Trying to overcome objections from the Clinton administration, the nation's governors announced a series of changes to their Medicaid reform plan.
The alterations include adding a minimum benefits package and tinkering with how federal funds are distributed to states, Wisconsin Gov. Tommy Thompson said last week.
However, some signs of strain were beginning to show in the bipartisan governors coalition.
After the GOP governors announced the changes, Democratic governors, including Roy Romer of Colorado and Bob Miller of Nevada, said the agreement was still far from complete.
"They're getting a little ahead of themselves," Miller said. "We still have serious substantive concerns as well as procedural concerns."
The governors did not change several provisions of concern to providers and some Democratic governors. The proposal would eliminate many of the rules governing the use of provider taxes, which have been used to attract federal matching funds.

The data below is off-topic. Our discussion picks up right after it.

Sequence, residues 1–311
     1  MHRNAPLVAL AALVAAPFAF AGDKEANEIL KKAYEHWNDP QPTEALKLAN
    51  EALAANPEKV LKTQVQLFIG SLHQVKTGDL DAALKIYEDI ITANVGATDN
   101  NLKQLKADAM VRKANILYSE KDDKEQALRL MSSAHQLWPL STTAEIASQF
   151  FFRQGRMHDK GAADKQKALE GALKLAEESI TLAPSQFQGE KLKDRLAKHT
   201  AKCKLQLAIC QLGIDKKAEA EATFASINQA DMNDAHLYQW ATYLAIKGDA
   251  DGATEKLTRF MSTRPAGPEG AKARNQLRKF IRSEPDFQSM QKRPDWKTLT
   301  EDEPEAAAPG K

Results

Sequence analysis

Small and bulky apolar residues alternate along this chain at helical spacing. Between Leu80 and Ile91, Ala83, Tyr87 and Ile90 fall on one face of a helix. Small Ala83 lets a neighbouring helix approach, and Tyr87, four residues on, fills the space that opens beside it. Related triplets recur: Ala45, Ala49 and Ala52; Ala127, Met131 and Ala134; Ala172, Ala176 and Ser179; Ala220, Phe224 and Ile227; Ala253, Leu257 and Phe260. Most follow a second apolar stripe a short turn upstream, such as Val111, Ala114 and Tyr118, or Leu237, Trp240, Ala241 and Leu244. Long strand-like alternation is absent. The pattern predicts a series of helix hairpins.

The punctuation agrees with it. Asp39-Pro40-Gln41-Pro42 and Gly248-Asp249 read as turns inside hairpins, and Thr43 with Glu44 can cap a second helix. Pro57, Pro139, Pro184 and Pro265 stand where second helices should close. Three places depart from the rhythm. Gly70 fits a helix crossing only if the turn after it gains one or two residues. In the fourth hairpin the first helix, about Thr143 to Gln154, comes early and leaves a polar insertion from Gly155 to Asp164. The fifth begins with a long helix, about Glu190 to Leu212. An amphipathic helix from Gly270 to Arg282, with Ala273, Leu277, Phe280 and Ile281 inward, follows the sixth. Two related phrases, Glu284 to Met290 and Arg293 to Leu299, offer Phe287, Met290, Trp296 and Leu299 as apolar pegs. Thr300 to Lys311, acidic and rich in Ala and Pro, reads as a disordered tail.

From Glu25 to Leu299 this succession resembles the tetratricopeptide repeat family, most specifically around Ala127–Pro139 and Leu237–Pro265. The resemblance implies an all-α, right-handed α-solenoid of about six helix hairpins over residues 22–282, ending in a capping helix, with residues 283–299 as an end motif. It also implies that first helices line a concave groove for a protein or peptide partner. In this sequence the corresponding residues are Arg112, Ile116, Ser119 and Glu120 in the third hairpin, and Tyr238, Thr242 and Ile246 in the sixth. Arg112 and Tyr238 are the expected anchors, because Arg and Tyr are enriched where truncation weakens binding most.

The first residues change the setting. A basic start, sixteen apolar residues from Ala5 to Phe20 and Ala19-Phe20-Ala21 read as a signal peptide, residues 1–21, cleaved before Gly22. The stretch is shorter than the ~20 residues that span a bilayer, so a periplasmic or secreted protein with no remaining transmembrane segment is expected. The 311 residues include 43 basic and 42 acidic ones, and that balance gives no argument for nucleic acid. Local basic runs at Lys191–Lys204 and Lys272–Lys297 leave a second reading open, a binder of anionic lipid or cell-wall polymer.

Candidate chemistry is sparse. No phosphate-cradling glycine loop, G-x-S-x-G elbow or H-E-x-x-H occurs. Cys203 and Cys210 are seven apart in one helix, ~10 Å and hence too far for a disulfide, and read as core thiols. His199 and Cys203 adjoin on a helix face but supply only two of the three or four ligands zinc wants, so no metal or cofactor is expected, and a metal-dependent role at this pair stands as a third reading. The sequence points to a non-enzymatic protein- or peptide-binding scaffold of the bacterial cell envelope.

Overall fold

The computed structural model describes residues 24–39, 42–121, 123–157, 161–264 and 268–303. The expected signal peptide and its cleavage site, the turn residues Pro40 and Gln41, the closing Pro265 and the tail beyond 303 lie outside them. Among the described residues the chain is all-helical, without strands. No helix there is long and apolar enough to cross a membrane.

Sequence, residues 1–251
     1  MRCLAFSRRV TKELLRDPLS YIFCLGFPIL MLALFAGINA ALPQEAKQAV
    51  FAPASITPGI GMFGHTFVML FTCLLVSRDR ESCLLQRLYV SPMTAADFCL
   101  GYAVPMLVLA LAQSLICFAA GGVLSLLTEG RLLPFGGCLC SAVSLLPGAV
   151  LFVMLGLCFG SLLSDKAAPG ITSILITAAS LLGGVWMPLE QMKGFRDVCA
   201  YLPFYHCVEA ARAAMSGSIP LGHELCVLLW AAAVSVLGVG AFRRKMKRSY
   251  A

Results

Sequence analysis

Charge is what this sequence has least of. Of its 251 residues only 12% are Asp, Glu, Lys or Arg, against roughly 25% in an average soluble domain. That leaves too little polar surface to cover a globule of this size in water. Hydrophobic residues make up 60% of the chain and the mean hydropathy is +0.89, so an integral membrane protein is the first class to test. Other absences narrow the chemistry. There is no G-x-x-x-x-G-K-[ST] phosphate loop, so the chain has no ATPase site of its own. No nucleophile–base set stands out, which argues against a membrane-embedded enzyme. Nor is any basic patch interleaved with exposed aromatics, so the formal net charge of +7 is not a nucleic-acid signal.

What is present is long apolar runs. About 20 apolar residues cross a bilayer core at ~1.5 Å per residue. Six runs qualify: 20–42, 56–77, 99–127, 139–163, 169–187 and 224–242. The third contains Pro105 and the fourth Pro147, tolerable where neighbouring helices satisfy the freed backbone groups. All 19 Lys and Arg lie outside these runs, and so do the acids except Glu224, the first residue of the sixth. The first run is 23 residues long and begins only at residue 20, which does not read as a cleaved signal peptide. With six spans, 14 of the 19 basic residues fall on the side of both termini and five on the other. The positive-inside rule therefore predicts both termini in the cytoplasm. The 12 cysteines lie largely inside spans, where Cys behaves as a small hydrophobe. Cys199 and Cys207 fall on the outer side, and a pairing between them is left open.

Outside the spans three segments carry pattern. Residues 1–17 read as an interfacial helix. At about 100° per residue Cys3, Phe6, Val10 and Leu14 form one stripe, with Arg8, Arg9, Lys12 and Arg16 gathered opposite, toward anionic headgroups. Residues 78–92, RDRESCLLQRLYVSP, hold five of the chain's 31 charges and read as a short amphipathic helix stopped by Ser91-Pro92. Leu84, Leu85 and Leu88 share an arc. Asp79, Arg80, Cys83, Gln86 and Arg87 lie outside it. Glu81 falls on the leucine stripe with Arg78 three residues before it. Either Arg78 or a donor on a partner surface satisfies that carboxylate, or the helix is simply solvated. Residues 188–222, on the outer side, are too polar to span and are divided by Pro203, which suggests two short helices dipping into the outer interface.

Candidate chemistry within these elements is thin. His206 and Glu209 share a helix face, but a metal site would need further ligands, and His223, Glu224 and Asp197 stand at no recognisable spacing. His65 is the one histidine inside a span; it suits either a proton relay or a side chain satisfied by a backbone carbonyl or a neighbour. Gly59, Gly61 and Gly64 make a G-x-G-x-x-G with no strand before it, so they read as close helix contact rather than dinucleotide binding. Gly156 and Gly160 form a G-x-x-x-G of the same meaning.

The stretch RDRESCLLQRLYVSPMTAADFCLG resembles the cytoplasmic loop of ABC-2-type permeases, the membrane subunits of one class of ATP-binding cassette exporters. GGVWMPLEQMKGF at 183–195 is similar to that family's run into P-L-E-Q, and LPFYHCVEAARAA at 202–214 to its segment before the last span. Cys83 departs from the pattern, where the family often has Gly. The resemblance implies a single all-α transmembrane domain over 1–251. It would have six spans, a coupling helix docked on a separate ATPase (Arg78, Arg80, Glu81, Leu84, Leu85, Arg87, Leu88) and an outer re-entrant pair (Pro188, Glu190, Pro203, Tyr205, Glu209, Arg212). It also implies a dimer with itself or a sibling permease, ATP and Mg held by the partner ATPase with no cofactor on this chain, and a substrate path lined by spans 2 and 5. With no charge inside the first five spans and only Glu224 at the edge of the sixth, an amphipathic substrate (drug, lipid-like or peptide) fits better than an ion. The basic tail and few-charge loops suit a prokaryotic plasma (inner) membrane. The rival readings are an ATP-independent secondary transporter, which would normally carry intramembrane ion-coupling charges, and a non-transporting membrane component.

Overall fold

It also would reduce the amount states must contribute to the program.
Providers are objecting to a provision that reduces the rights of individuals and providers to sue states in federal court over benefits and reimbursement rates.
At a recent hearing before the Senate Finance Committee, Romer told the senators he would not oppose keeping the current federal-state matching fund rates.
House Speaker Newt Gingrich (R-Ga.) said the Medicaid reform plan would be introduced in legislation March 25.
Under the plan governors agreed to in February, states would have been required to continue to offer their current package of benefits but could reduce the duration and level of the benefits provided. But the Clinton administration objected, arguing it gave states too much control.
Last week, the governors agreed to put a floor on the duration and level of benefits. The floor would be based on the least-generous state's level for each benefit.